Baptism says, You are not true and right men by nature; you are only fallen men - men in your wrong place: but by grace you become men indeed, true men; men living as man was meant to live, by faith, which is the gift of God.  For without grace man is like a stream when the fountain head is stopped; it stops too - lies in foul puddles, decays, and at last dries up: to keep the stream pure and living and flowing, the fountain above must flow, and feed it for ever.

And so it is with man.  Man is the stream, Christ is the fountain of life.  Parted from him mankind becomes foul and stagnant in sin and ignorance, and at last dries up and perishes, because there is no life in them.  Joined to him in holy baptism, mankind lives, spreads, grows, becomes stronger, better, wiser year by year, each generation of his church teaching the one which comes after, as our Lord says, not only, ‘If any man thirst, let him come to me and drink;’ but also, ‘He that believeth in me, out of him shall flow rivers of living water.’

Yes, my brethren, if you want to see what man is, you must not look at the heathens, who are in a state of fallen and corrupt nature, but at Christians, who are in a state of grace; for they only (those of them, I mean, who are true to God and themselves), give us any true notion of what man can be and should be.

Heathendom is the foul and stagnant pool, parted from Christ, the Fount of life.  Christendom, in spite of all its sins and short-comings, is the stream always fed from the heavenly Fountain.  And holy baptism is the river of the water of life, which St. John saw in the Revelations, clear as crystal, proceeding out of the throne of God and of the Lamb, the trees of which are for the healing of the nations.  And when that river shall have spread over the world, there shall be no more curse, but the throne of God and of the Lamb shall be in the city of God; and the nations of them that are saved shall grow to glory and blessedness, such as eye hath not seen, nor ear heard, nor hath entered into the heart of man to conceive, but God hath prepared for those who love him.

Oh, may God hasten that day!  May he accomplish the number of his elect and hasten his kingdom, and the day when there shall not be a heathen soul on earth, but all shall know him from the least to the greatest, and the knowledge of the Lord shall cover the earth, as the waters cover the sea!

Then - when all men are brought into the fold of Christ’s holy Church - then will they be men indeed; men not after nature, but after grace, and the likeness of Christ, and the stature of perfect men: and then what shall happen to this earth matters little; no, not if the earth and all the works therein, beautiful though they be, be burned up; for though this world perish, man would still have his portion sure in the city of God which is eternal in the heavens, and before the face of the Son of man who is in heaven.

Oh, my friends, think of this.  Think of what you say when you say, ‘I am a man.’  Remember that you are claiming for yourselves the very highest honour - an honour too great to make you proud; an honour so great that, if you understand it rightly, it must fill you with awe, and trembling, and the spirit of godly fear, lest, when God has put you up so high, you should fall shamefully again.  For the higher the place, the deeper the fall; and the greater the honour, the greater the shame of losing it.  But be sure that it was an honour before Adam fell.  That ever since Christ has taken the manhood into God, it is an honour now to be a man.  Do not let the devil or bad men ever tempt you to say, I am only a man, and therefore you cannot expect me to do right.  I am but a man, and therefore I cannot help being mean, and sinful, and covetous, and quarrelsome, and foul: for that is the devil’s doctrine, though it is common enough.  I have heard a story of a man in America - where very few, I am sorry to say, have heard the true doctrine of the Catholic Church, and therefore do not know really that God made man in his own image, and redeemed him again into his own image by Jesus Christ - and this man was rebuked for being a drunkard; and what do you fancy his excuse was?  ‘Ah,’ he said, ‘you should remember that there is a great deal of human nature in a man.’  That was his excuse.  He had been so ill-taught by his Calvinist preachers, that he had learnt to look on human nature as actually a bad thing; as if the devil, and not God, had made human nature, and as if Christ had not redeemed human nature.  Because he was a man, he thought he was excused in being a bad man; because he had a human nature in him, he was to be a drunkard and a brute.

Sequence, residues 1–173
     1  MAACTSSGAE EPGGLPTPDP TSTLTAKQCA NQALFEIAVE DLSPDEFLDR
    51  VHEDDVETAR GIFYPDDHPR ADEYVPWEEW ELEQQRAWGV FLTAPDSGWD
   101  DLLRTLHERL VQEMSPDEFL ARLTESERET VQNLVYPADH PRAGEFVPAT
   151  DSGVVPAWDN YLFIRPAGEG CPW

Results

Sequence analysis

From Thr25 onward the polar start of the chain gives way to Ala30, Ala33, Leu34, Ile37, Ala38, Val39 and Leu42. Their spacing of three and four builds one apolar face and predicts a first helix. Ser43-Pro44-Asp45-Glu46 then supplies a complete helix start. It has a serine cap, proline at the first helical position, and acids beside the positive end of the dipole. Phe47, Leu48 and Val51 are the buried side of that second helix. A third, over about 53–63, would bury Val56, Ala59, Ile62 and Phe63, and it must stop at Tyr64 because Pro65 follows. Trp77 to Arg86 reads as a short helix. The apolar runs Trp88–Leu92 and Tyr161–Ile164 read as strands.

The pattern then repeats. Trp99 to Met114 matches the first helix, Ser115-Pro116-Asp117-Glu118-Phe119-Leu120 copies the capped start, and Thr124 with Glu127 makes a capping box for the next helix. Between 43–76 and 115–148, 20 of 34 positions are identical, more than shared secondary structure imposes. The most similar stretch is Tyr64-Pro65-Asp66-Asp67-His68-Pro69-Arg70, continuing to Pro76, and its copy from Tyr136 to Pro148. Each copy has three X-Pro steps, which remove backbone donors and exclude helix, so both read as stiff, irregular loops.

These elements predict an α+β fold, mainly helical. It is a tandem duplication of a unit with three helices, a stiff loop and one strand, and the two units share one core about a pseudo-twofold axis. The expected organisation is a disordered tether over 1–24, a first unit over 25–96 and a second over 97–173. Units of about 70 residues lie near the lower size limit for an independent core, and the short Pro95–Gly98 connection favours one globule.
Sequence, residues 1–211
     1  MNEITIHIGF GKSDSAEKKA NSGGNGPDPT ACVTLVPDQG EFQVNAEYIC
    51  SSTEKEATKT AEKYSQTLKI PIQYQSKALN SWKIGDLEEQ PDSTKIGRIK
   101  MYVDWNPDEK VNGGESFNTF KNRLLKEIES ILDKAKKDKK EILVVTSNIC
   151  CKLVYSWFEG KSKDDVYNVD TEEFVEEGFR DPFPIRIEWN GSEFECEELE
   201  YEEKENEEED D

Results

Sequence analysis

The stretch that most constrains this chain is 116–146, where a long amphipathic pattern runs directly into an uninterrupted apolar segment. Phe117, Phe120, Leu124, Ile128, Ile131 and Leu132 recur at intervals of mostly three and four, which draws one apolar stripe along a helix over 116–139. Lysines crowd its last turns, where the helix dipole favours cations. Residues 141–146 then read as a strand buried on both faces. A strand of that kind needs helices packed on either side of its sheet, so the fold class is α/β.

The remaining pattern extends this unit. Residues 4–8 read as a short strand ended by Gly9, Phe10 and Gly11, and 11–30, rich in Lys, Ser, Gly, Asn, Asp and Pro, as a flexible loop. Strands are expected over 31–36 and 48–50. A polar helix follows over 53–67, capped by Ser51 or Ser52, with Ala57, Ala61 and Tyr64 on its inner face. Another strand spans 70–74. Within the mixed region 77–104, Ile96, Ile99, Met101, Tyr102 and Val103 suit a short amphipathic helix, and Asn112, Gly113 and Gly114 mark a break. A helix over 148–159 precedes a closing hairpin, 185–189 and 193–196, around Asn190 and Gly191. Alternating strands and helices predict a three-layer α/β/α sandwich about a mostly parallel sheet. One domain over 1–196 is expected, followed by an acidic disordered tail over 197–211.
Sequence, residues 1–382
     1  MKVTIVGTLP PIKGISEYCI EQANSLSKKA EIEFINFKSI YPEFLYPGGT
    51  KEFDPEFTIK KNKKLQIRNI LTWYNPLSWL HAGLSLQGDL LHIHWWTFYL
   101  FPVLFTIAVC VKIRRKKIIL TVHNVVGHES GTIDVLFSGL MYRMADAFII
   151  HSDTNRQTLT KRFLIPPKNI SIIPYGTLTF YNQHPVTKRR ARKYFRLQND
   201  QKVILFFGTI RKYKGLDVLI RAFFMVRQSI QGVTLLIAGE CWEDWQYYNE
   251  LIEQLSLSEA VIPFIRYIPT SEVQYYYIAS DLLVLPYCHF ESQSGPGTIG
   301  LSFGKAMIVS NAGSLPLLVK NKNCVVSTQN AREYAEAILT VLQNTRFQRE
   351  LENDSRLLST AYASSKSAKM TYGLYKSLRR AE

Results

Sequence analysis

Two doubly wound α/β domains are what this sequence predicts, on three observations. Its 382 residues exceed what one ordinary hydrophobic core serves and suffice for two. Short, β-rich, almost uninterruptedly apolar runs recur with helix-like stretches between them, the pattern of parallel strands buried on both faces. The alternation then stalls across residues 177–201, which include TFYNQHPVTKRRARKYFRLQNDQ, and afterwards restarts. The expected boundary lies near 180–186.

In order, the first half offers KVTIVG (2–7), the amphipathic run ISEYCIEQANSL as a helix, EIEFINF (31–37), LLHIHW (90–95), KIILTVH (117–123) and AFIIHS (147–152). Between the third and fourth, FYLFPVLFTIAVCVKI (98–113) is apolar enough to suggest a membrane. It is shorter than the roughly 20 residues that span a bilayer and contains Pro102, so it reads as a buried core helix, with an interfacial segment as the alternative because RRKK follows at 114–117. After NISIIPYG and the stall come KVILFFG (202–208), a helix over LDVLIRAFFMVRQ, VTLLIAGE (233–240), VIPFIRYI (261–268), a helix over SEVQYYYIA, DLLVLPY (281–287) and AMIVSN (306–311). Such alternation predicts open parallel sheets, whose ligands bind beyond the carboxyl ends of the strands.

My friends, I trust that you have not so learned Christ.  And if you have, it is from no teaching of your Bible, of your Catechism, or your Prayer-book; and, I say boldly, from no teaching of mine.  The Church bids you say, Yes; I have a human nature in me; and what nature is that but the nature which the Son of God took on himself, and redeemed, and justified it, and glorified it, sitting for ever now in his human nature at the right hand of God, the Son of man who is in heaven?  Yes, I am a man; and what is it to be a man, but to be the image and glory of God?  What is it to be a man?  To belong to that race whose Head is the co-equal and co-eternal Son of God.  True, it is not enough to have only a human nature which may sin, will sin, must sin, if left to itself a moment.  But you have, unless the Holy Spirit has left you, and your baptism is of none effect, more than human nature in you: you have divine grace - that supernatural grace and Spirit of God by which man stood in Paradise, and by neglecting which he fell.